Java: Read a File Into a String

Introduction

In this tutorial, we'll be reading a file into a String in Java. There are a few ways we can read textual contents of a file.

Here's a list of all the classes and methods we'll go over:

Files.lines()

The Files class contains static methods for working with files and directories. A useful method is lines() which returns a stream of strings: Stream<String>. From this stream, one can obtain lines contained in a file.

The method accepts a Path to the file we'd like to read with an optional Charset. We'll use try-with-resources syntax to automate flushing and closing:

Path path = Paths.get("input.txt");

try (Stream<String> stream = Files.lines(path, StandardCharsets.UTF_8)) {
	stream.forEach(System.out::println);
} catch (IOException ex) {
	// Handle exception
}

Since the method returns a Stream, we use its forEach() method to iterate over the lines, with a method reference for brevity.

Instead of printing each line, a StringBuilder can be used to append lines:

Path path = Paths.get("input.txt");

StringBuilder sb = new StringBuilder();

try (Stream<String> stream = Files.lines(path)) {
	stream.forEach(s -> sb.append(s).append("\n"));
	
} catch (IOException ex) {
	// Handle exception
}

String contents = sb.toString();

With StringBuilder, the entire file can be represented in a single String (the contents variable above). Before performing such iterations, it's important to consider the length of the input file.

If the file is not too large, it's okay to put it in a String, though, if it's hundreds of megabytes in size, it's not so wise.

Files.readString()

Since Java 11, the Files class introduced us to the readString() method, which accepts a Path to the file, as well as a Charset.

Unlike Files.lines(), it returns a String directly, instead of a Stream object:

Path path = Paths.get("input.txt");

String contents = null;
try {
	contents = Files.readString(path, StandardCharsets.ISO_8859_1);
} catch (IOException ex) {
	// Handle exception
}

Files.readAllBytes()

A more low-level approach to reading is the Files.readAllBytes() method, which returns a byte[]. It's up to the developer to use these bytes - convert them to a String, process them as they are, etc.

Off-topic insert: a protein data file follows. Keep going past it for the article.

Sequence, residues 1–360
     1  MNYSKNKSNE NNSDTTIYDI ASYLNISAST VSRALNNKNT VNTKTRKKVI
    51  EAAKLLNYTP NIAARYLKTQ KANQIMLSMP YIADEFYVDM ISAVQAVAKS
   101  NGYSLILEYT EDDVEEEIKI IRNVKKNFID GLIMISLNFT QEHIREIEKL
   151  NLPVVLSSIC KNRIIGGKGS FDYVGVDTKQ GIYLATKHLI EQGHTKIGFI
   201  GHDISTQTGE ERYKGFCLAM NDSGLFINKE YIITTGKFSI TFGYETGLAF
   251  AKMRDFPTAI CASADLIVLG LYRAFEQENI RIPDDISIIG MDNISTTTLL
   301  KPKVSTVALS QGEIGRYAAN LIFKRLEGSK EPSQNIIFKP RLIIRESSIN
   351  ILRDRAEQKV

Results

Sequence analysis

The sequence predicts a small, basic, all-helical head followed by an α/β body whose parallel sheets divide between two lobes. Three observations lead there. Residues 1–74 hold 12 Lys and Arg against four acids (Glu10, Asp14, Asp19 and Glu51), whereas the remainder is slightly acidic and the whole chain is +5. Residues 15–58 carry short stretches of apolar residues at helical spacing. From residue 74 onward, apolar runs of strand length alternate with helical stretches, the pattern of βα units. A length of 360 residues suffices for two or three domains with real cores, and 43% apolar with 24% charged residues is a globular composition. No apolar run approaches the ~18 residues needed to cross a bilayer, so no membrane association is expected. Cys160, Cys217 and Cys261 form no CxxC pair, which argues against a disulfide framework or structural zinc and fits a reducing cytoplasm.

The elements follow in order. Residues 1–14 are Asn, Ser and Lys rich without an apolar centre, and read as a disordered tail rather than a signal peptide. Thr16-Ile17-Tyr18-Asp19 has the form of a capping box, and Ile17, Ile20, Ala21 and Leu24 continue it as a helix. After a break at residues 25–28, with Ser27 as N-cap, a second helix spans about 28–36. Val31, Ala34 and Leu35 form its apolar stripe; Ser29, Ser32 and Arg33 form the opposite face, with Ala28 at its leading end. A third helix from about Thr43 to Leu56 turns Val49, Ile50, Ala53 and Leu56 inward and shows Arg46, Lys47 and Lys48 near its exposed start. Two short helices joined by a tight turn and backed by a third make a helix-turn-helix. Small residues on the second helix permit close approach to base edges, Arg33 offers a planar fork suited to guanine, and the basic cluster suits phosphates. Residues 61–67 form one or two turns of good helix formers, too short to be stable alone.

This method also accepts a Path to the file we'd like to read:

Path path = Paths.get("input.txt");

byte[] bytes = null;
try {
	bytes = Files.readAllBytes(path);
} catch (IOException ex) {
	// Handle exception
}

Now, the bytes array holds all the information from the input.txt file. The easiest way to convert it into a String is to put them in a constructor with an optional Charset:

String str = new String(bytes, StandardCharsets.UTF_8);

Note: Solutions like reading all bytes are only appropriate in circumstances where we're dealing with small file sizes. It's not performance-friendly and it doesn't make much sense to keep large files in the program's memory.

Scanner

Scanner is a particularly useful class for reading content from streams. Since it works with abstract streams, it can also be used for reading strings. Scanner works by breaking the input into tokens which are sequentially retrieved from the input stream.

Since we are working with strings, we would like to use methods that return strings. Scanner has next() and nextLine() exactly for that. Both methods return objects of type String. The former is used to read arbitrary strings, whereas the latter parses and returns entire lines.

If each line contains the right amount of data then nextLine() is an ideal choice. If there is important information in the file that's broken down into smaller chunks but not necessarily lines (or the file contains, say, a single line) then next() might be a better option.

Scanner's constructor accepts many objects - Paths, InputStreams, Files, etc. We'll use a File:

File file = new File("input.txt");
Scanner sc = new Scanner(file);

while(sc.hasNext()) {
	System.out.println(sc.next());
}